7. Dear Ivan, Sustainable Food Trust did not ‘co-sponsor’ the research. The research is a project entirely funded and owned by Professor Seralini and the team at CRIIGEN. The only role of SFT was to act as an amplifier for messages that we believe are important to be in the public domain. SFT did not set the embargo, in-fact we worked within a very difficult set of restrictions set for us by CRIIGEN and did our best to share information with others whilst at the same time having our hands completely tied as to what information we had permission to share. The only reason that Sustainable Food Trust has not responded to your request for a comment is because your email was only received this afternoon, and as I’m sure you can appreciate given everything that is going on, our small-team (3 people) were tied-up in meetings throughout today. Had we had the opportunity to respond properly we would have informed you that the embargo, decided-upon and set by CRIIGEN, was something that you would need to refer to them for comment. We hope this helps to clarify the truth of the situation.

    Sustainable Food Trust

    September 21, 2012 at 6:50 pm

    • Thanks very much for responding. I’ve updated and corrected the post. I have also tried to reach the authors, as you know, and they have yet to get back to me.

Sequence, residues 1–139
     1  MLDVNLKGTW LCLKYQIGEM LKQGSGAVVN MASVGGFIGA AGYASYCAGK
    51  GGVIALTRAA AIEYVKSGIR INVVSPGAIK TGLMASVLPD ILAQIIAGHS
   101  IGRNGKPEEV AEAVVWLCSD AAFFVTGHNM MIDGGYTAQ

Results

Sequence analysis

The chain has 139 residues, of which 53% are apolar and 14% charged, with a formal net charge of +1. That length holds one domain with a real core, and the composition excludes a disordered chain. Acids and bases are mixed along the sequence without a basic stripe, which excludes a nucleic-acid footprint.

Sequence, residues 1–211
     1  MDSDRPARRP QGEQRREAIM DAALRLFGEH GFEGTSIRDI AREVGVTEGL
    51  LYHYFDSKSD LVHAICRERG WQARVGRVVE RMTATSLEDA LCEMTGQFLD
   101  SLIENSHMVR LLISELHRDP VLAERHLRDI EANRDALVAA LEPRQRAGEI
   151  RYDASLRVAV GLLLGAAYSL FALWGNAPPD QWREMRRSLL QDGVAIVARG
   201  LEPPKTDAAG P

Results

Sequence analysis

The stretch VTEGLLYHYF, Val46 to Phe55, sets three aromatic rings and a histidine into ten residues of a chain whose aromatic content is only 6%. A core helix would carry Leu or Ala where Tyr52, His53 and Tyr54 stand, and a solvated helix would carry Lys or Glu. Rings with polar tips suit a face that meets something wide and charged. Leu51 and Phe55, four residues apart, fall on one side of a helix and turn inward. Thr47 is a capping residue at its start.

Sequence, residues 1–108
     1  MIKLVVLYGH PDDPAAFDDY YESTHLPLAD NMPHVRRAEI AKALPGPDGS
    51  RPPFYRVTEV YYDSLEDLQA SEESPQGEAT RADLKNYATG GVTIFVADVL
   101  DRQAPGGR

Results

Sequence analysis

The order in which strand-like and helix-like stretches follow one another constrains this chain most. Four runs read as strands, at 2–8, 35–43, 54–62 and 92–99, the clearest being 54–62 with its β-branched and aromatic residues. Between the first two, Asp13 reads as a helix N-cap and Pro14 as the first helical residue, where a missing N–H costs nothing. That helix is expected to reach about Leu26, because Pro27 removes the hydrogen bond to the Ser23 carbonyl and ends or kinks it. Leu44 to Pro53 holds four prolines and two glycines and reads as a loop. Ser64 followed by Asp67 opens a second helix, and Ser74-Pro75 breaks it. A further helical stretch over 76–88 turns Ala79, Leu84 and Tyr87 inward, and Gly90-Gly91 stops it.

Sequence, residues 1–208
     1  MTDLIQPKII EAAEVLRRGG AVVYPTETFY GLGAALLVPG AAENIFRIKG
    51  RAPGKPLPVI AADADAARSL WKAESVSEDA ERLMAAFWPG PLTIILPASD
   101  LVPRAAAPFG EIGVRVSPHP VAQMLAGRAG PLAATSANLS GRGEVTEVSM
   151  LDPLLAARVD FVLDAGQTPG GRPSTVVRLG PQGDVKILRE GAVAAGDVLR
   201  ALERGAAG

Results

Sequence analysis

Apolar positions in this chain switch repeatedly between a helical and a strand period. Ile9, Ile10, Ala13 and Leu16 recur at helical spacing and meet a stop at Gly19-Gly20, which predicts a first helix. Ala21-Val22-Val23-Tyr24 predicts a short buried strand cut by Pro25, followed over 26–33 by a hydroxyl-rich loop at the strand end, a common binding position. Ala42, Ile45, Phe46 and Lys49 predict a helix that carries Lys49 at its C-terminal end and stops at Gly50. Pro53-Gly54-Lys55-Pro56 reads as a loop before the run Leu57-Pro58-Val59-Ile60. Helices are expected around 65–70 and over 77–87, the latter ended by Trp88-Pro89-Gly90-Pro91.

September 21, 2012 at 7:07 pm

    • “Amplifying” messages that are not facts is one of the problems we have in Science and politics, and leads to misinformation and ignorance, and ultimately, apathy. It is easy to agree with people who have the same opinion, but we all need to “fact check.” This study will be referred to for years by anti-GMO crusaders, and when it is echoed by NGO’s who purport to be experts in the field (as an organization with the name “sustainable food trust” does), then the credibility is always there, if only slight. This organization was blinded by the message, and, frankly, should have known better. But since it is still prominently displayed on their website, I guess credibility isn’t their main concern.


      September 23, 2012 at 9:52 am

    • The only role was an amplifier? That’s rich. The Sustainable Food Trust appears to have been deeply embedded in this. On 19 September, unSustainable released a 5 page media statement before independent scientists had seen the paper. To prepare a 5 page statement in itself suggests access for a least a few days before anyone else. At the end of the statement are these claims:

      Patrick Holden, Founding Director, Sustainable Food Trust